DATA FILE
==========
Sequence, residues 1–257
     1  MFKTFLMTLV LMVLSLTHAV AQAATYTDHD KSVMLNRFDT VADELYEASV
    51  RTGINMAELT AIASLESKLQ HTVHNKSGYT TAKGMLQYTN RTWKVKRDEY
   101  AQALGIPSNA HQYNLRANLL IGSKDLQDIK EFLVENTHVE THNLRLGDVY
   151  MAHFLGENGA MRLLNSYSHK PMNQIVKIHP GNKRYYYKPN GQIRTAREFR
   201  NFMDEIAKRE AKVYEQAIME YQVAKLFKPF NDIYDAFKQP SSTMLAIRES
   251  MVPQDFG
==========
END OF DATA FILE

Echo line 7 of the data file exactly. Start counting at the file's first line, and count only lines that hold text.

   251  MVPQDFG